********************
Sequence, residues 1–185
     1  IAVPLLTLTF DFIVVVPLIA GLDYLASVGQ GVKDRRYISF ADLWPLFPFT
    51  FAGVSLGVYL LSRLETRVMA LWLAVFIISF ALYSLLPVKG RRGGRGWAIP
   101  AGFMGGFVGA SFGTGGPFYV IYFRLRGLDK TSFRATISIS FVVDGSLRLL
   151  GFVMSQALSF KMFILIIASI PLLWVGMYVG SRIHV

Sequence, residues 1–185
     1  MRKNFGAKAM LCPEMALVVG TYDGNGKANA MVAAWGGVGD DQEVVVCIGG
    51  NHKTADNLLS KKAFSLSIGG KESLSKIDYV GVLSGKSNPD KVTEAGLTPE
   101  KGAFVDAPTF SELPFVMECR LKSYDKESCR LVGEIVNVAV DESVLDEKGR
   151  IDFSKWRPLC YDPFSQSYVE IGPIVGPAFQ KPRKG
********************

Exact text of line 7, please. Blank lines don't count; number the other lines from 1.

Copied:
     1  MRKNFGAKAM LCPEMALVVG TYDGNGKANA MVAAWGGVGD DQEVVVCIGG